If there’s one thing the MLB stoppage has provided fans with so far this winter, it’s the freedom to let their minds run wild with imagination. With the absence of any legitimate rumors of trades or signings, hypothetical acquisitions have been running wild in the baseball blogosphere. If the CBA resolution arrives later than sooner, fans could witness a mad frenzy of signings like no other before.
For fans of the Los Angeles Dodgers, lots of questions linger. Above all else is how much money the club will spend on payroll. Following in a close second is the future of righty starter Trevor Bauer and where he fits with the team. Whatever the case may be, all parties are hopeful the season starts on time without any major implications on the schedule.
With the transaction freeze in place, there hasn’t been a whole lot to talk about as far as roster-building goes. We’ve beaten to death everything surrounding the state of the Los Angeles rotation, specifically if Bauer doesn’t pitch and Clayton Kershaw ends up throwing for another team, if he’s indeed able to pitch.
One thing we haven’t touched on much is whether the Dodgers plan on sticking to a traditional rotation or utilizing more “openers.”
In 2021, the Dodgers used a franchise-record 39 pitchers, including limited services of arms like Kevin Quackenbush, James Sherfy, Yefry Ramirez, Jake Reed and more. Part of the reason was the insane number of injuries — and the COVID-19 protocols — coupled with the fact that the team only played 60 games in 2020, so to say that player stamina and conditioning were lacking would be an understatement.
The Dodgers used 19 different pitchers in either a starting or opening role last year, led by Walker Buehler with 33 bona fide starts and David Price with 11 “opening” appearances. Personally, I feel the Dodgers aren’t leaning one way or the other — if they have the quality starters to run out every five days, they obviously don’t need to employ an opener. In other words, they probably don’t plan on using openers unless the roster requirements dictate it.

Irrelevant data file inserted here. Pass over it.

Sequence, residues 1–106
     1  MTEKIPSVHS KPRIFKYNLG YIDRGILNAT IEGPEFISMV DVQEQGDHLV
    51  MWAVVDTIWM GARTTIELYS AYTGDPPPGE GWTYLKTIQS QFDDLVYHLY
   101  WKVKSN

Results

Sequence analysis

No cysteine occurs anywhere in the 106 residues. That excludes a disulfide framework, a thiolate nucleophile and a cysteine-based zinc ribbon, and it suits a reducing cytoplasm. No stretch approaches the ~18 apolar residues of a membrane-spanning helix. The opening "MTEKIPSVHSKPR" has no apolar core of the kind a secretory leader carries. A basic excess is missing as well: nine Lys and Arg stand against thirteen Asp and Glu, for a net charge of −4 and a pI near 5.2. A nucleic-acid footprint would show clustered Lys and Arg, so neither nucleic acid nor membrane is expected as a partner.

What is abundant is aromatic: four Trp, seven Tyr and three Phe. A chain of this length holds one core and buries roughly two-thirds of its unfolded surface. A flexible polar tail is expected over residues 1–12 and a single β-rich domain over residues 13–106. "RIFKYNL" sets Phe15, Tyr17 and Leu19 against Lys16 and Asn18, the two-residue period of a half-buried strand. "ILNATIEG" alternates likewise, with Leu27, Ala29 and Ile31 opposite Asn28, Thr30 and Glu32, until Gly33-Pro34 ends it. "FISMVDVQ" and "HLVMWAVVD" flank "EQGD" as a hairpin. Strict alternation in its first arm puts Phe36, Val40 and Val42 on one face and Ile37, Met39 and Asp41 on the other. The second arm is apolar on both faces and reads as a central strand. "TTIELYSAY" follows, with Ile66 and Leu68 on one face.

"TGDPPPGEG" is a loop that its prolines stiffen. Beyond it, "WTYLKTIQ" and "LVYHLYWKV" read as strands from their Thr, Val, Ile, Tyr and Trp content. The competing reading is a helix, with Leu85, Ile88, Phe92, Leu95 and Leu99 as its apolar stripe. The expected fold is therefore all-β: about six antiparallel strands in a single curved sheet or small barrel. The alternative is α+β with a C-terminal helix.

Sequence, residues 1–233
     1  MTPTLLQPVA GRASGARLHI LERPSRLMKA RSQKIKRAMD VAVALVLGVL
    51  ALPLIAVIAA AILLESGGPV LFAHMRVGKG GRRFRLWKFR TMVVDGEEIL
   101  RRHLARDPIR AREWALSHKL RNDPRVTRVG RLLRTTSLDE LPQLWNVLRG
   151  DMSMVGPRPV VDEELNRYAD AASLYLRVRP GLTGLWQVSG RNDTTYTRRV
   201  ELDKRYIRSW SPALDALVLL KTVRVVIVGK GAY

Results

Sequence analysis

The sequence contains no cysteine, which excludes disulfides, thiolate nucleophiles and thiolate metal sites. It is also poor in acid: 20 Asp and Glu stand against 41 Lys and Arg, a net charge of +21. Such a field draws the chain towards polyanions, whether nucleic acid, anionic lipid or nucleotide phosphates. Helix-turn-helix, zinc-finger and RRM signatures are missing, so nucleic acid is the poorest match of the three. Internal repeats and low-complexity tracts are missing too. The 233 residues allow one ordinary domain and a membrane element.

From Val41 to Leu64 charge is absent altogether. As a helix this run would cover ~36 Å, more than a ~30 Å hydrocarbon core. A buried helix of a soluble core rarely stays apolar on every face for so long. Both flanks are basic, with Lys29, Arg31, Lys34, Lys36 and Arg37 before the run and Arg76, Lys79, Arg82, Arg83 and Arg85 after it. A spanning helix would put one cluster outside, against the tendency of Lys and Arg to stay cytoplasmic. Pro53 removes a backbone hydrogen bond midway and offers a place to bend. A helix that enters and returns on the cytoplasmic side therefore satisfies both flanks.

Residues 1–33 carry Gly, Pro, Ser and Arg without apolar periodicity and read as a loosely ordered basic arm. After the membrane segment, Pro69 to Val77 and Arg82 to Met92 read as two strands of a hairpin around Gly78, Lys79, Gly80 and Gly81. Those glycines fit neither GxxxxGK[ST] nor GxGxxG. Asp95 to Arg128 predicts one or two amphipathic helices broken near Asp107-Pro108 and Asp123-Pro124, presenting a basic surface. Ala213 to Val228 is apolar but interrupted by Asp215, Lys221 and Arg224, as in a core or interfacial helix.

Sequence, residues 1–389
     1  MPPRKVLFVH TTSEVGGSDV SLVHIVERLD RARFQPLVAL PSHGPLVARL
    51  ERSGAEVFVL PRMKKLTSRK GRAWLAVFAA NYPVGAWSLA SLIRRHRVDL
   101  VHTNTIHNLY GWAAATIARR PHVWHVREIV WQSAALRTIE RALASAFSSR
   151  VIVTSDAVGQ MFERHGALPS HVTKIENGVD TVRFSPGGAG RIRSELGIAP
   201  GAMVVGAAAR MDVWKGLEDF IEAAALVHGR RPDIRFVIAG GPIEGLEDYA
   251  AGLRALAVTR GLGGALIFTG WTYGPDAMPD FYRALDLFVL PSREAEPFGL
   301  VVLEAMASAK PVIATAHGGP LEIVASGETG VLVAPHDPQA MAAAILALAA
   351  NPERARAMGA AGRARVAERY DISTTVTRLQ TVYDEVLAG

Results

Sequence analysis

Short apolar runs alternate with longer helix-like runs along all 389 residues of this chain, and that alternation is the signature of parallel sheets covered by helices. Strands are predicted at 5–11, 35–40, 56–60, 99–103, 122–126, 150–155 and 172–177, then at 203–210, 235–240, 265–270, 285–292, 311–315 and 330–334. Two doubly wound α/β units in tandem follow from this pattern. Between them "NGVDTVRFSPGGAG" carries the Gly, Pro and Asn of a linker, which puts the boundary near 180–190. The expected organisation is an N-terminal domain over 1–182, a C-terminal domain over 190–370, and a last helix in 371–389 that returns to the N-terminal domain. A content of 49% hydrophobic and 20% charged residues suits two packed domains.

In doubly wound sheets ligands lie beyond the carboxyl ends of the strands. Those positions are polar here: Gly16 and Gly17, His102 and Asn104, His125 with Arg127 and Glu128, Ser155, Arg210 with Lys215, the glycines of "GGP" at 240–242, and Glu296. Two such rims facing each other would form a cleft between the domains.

Last year, each player who was part of the 40-man roster had at least several opportunities to showcase their skills, leading many to believe that the Los Angeles farm might not be as talented as once perceived. Front office boss Andrew Friedman became a master at manipulating the team roster, throwing players to the sharks that some fans would have never believed — see Justin Bruihl, Darien Nunez, Mike Kickham and more.
No doubt, the same could be in store for next season. 25-year-old righty Michael Grove was recently added to the 40-man mix last month, meaning there’s a better-than-average chance he’ll make his big-league debut in 2022.
A few other young players to keep an eye on next year as potential 40-man starting pitching additions are Ryan Pepiot, Landon Knack and Clayton Beeter. Fans will also closely monitor the continued emergence of Andre Jackson and Mitch White to gauge if they’re actually big-league material.
Many of the hottest topics on the rumor front surrounding position players like Freddie Freeman and Carlos Correa have overshadowed much of the starting pitching speculation. Max Scherzer landing in New York received most of the attention, and whatever happens with Kershaw will certainly dominate the headlines whenever those decisions roll around.
While most of the big-name starting pitchers came off the table before the CBA expired, there could be a few diamonds in the rough remaining. Or, we could see the Dodgers make a few trades if all else fails. If not, we may be in store for quite a few more “openers” in 2022.